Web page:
Leadership is all the rage these days. The lionization of leaders from Jack Welch to today’s pantheon that includes Jeff Bezos, Howard Schultz, and Elon Musk continues undimished. While much of the emphasis placed on great leadership is surely warranted, scant attention is paid to the value of good management or the pivotal role of the manager.

There are many “top ten” lists of the greatest leaders in business or of all time, but no such list for managers. Great managers are seldom if ever noticed by the business press, and human resources departments are more preoccupied with developing the “leadership pipeline” than focusing on what it takes to grow good managers.

It wasn’t always this way.

Great managers were the most desired products of business education since the time of Henry Ford. But as Duff McDonald wrote in The New York Times, this changed in the mid 1970’s when Abraham Zaleznik of Harvard published a paper entitled Managers and Leaders: Are They Different? “The answer was an emphatic yes. Leaders were visionaries who got the troops excited to march into battle. Managers were platoon sergeants who actually marched them into battle.”

Since that time, when leadership and management were compared and contrasted, managers consistently drew the short straw.

For example, the leadership guru Warren Bennis made the following observations in his book, On Becoming a Leader:

  • A manager administers while a leader innovates.
  • A manager is a copy while a leader is original.
  • A manager relies on control while a leader inspires trust.
  • A manager focuses on systems and structure while a leader focuses on people

I say that this is stale thinking and does not reflect what good management is about. Consider this:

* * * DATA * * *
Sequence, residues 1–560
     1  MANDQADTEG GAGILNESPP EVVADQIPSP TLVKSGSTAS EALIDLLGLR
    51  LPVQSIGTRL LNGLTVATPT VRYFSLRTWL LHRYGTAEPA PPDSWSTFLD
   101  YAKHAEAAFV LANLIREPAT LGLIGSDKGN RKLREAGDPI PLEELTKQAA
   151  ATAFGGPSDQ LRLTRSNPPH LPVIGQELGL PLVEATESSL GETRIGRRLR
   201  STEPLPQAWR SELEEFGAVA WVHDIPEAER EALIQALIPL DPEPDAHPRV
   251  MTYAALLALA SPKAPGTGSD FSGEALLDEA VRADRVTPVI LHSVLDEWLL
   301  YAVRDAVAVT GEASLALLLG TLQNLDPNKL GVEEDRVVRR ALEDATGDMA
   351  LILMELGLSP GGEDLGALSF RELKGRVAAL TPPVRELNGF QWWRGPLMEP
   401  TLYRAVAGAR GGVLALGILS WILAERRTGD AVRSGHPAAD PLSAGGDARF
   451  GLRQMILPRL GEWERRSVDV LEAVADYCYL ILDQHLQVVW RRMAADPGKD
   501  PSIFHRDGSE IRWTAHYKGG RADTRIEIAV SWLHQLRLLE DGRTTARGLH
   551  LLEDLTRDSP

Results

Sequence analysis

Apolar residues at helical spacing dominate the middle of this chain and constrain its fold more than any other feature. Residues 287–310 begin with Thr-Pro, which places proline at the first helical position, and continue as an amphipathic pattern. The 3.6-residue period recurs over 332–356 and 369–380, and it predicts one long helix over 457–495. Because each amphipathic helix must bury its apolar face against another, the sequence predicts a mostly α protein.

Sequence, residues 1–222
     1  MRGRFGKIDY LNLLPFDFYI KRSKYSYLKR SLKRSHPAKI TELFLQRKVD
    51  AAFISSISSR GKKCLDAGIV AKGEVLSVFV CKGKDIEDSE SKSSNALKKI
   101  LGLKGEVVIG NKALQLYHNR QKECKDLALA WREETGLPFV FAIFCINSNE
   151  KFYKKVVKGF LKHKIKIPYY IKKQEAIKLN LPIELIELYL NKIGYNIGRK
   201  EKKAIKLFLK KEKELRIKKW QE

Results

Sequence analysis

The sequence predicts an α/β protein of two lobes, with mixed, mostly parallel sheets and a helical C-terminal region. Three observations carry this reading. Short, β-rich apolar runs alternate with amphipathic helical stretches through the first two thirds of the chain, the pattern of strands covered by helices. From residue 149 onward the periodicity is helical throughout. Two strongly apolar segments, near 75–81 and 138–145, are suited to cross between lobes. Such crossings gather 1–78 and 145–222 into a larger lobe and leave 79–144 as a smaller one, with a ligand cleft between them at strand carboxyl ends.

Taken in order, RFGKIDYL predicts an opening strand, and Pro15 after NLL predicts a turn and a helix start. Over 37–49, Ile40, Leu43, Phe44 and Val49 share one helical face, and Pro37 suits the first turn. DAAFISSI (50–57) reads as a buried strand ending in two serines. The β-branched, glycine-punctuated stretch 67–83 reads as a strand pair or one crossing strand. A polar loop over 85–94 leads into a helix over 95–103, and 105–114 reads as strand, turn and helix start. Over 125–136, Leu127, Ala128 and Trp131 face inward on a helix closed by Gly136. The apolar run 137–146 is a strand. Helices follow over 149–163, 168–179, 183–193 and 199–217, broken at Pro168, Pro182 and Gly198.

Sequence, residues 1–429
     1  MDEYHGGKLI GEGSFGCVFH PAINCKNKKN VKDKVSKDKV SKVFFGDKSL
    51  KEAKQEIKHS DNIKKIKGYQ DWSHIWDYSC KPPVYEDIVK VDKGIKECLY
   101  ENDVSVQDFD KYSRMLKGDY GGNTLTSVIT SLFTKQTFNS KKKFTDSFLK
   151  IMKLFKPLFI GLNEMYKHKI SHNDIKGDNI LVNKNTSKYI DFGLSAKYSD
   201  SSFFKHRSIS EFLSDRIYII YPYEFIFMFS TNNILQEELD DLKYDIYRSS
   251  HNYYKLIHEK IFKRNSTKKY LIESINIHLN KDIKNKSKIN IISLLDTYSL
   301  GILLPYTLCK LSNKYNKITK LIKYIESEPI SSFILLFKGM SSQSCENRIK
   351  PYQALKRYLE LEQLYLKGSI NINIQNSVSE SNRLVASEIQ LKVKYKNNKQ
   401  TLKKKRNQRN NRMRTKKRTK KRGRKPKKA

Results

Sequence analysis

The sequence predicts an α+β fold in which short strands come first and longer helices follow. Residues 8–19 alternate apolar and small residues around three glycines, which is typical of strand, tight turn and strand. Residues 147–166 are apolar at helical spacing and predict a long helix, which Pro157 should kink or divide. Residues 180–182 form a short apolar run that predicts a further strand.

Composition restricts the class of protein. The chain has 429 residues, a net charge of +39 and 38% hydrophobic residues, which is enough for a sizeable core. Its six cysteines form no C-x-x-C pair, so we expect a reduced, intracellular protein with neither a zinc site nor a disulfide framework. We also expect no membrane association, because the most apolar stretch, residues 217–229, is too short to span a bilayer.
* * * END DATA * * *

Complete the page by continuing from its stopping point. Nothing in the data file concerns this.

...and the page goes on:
• While leaders may drive innovation, most actual innovation happens at the employee level, and it takes a good manager to encourage it.
  • While leaders focus on people in general – particularly the high-potentials – good managers focus on everyone – up close and personal.
  • Trust is necessary for both roles: without trust, one does not willingly take direction from either a leader or a manager.
  • And great managers are as unique in their own way as great leaders are.

In sum, the clearest distinction that does justice to both leaders and managers is this: leaders set the strategy but managers make it happen.

Good Management Is Hard

The comparisons between leaders and managers, some of which come across as pejorative, are extreme generalizations. And like all generalizations, they are wrong when you get to specific cases.

In truth, many managers operate in the old-school ways of telling rather than selling, controlling rather than enabling, and correcting rather than facilitating. However, not all of this is the fault of the manager, since these behaviors are either not discouraged or are rewarded by leadership higher up.

Another reason managers suffer in comparison is that being a good manager isn’t easy. David Deacon, Chief Talent Officer at MasterCard, summed it up this way: “I walk up to the doors of the building almost every day thinking about how today I can help my people do something great or be successful and impactful; but the reality is that by the time I have addressed the priorities and pressures of the day, they may not have any evidence that this was my intention.”

In our many studies of some of the best managers in Fortune 500 companies, many of the same challenges are mentioned that prevent well-intentioned managers from doing what they are expected to do.

As you will see, though managers’ lack of skills is often blamed for their shortcomings and inability to deal effectively with these challenges, there are also contributing issues that are part of the system and not the manager’s fault. And despite what you might expect, being a great manager is not all about competencies.

Consider these challenges common to many managers:

  • Translating strategy into action. This is usually difficult because there is